? Project 3 It has long been known that African American men experience a higher incidence and increased mortality from prostate cancer compared to men of other ethnic groups. Socio-economic factors and unequal access to health care undoubtedly contribute to this disparity; however, differences in incidence and outcome remain after considering these factors. This raises the possibility that differences in tumor biology and/or genetic alterations also contribute to the adverse outcomes linked to African American prostate cancer. The over-arching goal of this Project is to comprehensively interrogate the mutational landscape and oncogenic gene expression patterns present in primary African American prostate cancer. Towards this end, we will characterize ~3,000 tumor samples from the RESPOND cohort using whole-exome sequencing and targeted sequencing. Approximately 1,000 of these tumors will also undergo transcriptome analysis. This data will be used to study the relationship between prostate cancer genetics and tumor aggressiveness, and will be compared to cohorts of men of European descent to determine whether any genetic or transcriptional alterations show differential prevalence as a function of ancestry. In addition, we will use in vitro studies of primary prostate epithelial cells to test whether common prostate cancer alterations exert more robust tumorigenic effects when introduced into non-malignant prostate cells from African American men compared to prostate epithelial cells from white men. This project should enable definitive insights into the somatic genetic alterations characteristic of African American prostate cancer and the role(s) they might play in driving aggressive disease and adverse outcomes within this and potentially other ancestral groups.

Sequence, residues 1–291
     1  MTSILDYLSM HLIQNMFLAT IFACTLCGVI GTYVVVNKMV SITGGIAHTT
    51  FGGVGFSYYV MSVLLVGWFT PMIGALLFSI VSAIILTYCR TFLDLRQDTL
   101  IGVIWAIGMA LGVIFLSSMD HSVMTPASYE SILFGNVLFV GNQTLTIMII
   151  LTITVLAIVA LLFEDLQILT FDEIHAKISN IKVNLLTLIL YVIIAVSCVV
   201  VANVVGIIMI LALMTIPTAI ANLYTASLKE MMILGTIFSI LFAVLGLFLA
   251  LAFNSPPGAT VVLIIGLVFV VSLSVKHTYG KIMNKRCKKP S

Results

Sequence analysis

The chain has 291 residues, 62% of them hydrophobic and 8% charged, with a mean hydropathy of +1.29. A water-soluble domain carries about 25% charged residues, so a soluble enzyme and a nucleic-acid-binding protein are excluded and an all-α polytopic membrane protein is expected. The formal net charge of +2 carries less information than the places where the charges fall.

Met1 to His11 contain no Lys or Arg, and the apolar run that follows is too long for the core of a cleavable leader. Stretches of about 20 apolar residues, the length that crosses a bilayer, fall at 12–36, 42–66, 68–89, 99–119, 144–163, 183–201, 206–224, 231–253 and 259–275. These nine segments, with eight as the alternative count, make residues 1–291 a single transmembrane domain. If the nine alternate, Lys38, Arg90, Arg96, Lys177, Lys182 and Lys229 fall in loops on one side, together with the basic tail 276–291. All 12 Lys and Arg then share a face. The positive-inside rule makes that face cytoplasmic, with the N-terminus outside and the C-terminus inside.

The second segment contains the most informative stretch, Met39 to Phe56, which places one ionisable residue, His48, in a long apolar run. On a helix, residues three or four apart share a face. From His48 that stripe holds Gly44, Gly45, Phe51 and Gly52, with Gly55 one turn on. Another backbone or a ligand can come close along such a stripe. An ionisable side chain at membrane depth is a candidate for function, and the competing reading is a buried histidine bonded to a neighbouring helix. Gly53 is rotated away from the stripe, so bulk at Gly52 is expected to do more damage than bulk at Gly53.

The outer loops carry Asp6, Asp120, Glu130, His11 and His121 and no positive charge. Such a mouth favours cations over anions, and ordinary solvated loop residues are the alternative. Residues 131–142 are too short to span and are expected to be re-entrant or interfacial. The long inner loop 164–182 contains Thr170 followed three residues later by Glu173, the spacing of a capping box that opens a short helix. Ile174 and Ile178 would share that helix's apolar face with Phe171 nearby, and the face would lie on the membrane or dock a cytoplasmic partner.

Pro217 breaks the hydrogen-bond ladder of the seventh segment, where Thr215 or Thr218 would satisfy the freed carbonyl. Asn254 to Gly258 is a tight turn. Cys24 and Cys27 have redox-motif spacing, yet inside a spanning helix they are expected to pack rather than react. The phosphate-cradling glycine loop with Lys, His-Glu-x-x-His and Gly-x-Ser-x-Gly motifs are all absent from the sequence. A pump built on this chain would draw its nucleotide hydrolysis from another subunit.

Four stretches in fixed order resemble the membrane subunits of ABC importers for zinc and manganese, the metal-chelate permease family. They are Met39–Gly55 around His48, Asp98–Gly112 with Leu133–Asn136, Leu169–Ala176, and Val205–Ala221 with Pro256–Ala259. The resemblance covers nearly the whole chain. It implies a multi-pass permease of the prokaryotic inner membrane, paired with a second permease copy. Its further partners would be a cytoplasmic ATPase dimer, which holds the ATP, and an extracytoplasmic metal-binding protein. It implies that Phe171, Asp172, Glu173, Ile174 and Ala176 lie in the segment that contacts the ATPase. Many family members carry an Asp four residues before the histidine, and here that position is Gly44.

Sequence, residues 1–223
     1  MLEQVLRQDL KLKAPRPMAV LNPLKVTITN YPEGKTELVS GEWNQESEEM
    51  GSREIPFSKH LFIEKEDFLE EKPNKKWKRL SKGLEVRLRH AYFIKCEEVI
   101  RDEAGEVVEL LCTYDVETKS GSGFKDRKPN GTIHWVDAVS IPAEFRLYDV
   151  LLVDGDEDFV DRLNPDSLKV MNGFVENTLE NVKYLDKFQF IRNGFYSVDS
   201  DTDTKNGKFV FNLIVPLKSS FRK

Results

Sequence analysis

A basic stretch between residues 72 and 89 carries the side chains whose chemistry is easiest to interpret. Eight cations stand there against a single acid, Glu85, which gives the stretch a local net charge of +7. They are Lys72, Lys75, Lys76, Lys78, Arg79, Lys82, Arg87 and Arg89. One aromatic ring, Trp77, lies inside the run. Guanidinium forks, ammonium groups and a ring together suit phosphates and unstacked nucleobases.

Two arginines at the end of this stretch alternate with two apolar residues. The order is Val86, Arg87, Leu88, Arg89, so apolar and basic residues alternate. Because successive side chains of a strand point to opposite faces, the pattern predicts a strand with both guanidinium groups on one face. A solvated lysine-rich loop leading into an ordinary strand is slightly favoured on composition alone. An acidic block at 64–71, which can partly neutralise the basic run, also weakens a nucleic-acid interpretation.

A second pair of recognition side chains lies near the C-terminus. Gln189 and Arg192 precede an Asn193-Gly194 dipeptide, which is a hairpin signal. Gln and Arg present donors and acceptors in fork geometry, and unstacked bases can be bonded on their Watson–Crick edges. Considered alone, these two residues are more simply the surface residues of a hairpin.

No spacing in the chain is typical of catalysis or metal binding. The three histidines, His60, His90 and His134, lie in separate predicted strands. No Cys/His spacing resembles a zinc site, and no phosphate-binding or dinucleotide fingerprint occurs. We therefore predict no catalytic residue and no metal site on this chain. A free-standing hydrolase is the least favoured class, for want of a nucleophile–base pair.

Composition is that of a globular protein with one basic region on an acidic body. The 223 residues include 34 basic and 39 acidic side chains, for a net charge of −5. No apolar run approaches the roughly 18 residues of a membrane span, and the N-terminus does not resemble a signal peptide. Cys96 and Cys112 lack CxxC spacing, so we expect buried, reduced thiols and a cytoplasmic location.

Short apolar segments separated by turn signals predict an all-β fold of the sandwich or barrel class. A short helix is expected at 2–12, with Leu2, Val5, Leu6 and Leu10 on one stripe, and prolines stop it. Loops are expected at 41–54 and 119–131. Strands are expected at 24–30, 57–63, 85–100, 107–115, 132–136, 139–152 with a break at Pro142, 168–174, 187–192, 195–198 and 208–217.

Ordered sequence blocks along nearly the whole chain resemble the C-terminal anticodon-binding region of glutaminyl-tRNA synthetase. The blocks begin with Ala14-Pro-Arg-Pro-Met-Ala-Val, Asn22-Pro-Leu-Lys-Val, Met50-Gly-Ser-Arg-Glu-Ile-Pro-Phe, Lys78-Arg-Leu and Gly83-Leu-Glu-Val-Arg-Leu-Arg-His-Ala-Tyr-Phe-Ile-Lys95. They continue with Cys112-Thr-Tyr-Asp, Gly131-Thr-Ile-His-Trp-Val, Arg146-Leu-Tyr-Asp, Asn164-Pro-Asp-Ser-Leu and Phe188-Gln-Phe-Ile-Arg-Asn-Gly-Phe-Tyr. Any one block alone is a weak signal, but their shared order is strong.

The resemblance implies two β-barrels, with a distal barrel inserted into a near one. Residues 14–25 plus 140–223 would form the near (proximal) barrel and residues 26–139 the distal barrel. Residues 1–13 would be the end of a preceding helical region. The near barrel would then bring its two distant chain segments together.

Public Health Relevance

? Project 3 The major goal of the research proposed here is to define the spectrum of somatic genomic and transcriptional alterations in primary prostate cancer from African American men. These findings will then be used to study the relationship between molecular genetic changes and prostate cancer aggressiveness, how they compare to prostate cancers in white men, and whether the most common genomic changes have different effects when introduced into non-malignant prostate cells of distinct ancestral backgrounds. When completed, this Project should allow a definitive assessment of whether prostate tumor biology and genetics contribute to increased aggressiveness and poor clinical outcomes in AA men.

National Institute of Health (NIH)
National Cancer Institute (NCI)
Research Program--Cooperative Agreements (U19)
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University of Southern California
Los Angeles
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